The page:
Investors clamored for allocations of yesterday's Cavium Networks (NASDAQ:CAVM) IPO. Even after the company boosted its price range from $10-$12 to $12-$13, shares rose another 22% to $16.45 on the first day of trading. It's a clear signal that investors see more growth ahead for the company.

Cavium develops chips that help improve how computer networks process voice, video and data traffic. With the surge of e-commerce, social networking, and online video, computer networks certainly need lots of help.

Cavium's more than 100 customers, including Cisco (NASDAQ:CSCO), Nokia (NYSE:NOK), and Juniper Networks (NASDAQ:JNPR), can't seem to get enough of its products. Sales spiked 72% to $34.2 million in 2006.

Though the company lost $8.9 million on the bottom line last year, things are looking better. Cavium lost only $997,000 in the first quarter of 2007. R&D expenses are eating into Cavium's net income; they devoured $4.3 million, or 38% of revenue, in the first quarter. Nonetheless, the company's research efforts are helping it amass a considerable portfolio of intellectual property.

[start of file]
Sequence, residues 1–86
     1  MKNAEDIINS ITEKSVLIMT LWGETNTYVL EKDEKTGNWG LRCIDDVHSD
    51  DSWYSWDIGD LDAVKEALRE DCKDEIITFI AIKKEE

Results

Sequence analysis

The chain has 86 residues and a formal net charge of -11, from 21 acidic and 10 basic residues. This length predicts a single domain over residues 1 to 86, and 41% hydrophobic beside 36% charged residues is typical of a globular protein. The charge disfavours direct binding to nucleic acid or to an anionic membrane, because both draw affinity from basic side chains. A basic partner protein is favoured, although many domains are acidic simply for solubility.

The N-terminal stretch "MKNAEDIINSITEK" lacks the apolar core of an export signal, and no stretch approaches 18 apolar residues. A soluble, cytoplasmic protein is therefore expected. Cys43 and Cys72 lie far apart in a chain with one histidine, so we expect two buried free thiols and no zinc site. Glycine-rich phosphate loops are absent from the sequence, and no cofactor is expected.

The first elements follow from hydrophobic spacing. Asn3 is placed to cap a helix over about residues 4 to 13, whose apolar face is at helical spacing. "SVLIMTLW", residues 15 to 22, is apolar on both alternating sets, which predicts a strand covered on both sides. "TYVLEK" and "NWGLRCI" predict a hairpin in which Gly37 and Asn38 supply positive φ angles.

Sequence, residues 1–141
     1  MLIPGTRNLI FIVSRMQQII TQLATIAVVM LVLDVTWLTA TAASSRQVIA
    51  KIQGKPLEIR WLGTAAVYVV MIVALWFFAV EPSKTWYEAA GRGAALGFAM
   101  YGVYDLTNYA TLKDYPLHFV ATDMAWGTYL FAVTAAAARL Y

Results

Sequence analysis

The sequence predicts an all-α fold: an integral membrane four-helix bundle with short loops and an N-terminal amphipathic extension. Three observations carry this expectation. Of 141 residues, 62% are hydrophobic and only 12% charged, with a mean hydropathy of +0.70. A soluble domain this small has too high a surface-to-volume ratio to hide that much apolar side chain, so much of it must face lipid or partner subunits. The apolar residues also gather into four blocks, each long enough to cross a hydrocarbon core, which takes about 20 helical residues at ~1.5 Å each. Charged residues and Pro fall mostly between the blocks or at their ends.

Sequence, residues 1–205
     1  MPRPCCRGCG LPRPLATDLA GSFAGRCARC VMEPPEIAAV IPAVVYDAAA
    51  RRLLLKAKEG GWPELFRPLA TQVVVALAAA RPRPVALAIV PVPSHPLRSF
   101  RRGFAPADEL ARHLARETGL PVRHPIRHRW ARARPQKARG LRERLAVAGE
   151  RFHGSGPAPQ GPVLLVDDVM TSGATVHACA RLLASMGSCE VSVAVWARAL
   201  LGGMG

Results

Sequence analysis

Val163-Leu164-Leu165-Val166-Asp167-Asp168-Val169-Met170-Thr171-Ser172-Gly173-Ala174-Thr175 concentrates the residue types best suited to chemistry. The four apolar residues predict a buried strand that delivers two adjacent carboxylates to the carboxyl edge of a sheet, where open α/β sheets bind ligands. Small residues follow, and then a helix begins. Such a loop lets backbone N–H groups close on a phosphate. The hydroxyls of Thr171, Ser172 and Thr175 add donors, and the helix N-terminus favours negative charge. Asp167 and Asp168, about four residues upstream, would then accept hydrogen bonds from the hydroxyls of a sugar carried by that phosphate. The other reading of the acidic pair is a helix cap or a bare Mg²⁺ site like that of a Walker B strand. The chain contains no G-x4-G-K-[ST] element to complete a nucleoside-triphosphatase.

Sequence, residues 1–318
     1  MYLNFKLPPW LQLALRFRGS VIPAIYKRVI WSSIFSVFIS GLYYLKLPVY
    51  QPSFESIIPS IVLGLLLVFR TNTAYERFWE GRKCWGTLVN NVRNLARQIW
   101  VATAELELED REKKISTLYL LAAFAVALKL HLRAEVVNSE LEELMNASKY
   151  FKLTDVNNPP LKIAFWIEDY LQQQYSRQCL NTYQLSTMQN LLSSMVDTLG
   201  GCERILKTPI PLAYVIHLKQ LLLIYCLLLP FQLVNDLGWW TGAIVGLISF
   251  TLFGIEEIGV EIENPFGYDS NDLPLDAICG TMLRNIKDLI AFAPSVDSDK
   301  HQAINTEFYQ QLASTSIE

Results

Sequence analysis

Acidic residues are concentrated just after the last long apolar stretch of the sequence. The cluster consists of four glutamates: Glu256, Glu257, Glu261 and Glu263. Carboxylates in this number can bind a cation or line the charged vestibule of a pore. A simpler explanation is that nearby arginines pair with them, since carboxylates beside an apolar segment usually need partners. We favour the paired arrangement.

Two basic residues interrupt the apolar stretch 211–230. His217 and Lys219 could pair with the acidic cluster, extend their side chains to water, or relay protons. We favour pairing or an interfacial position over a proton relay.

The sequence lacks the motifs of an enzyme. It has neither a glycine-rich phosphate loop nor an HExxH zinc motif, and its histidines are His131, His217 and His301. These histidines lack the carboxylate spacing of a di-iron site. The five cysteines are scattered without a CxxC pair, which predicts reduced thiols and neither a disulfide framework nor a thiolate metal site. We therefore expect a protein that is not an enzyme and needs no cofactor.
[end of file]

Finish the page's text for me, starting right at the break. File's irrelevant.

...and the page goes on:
Cavium faces rivals such as Broadcom (NASDAQ:BRCM), Freescale Semiconductor, Intel (NASDAQ:INTC), and Marvell Technology (NASDAQ:MRVL). Despite these competitors, the company offers a broad range of semiconductors that can operate at high speeds, maintain security, and reduce power consumption.

Assuming it posts revenue of $50 million for 2007, Cavium is now trading at a hefty 12 times forward revenue. Other hot tech IPOs such as DivX (NASDAQ:DIVX) and Sourcefire (NASDAQ:FIRE) have cooled off following their initial fervor, so Foolish investors may want to wait for the dust to settle before jumping in.

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Fool contributor Tom Taulli, author of The Complete M&A Handbook, does not own shares mentioned in this article. He is ranked 1,751 out of 28,345 in Motley Fool CAPS. Intel is a Motley Fool Inside Value pick. The Fool has a disclosure policy.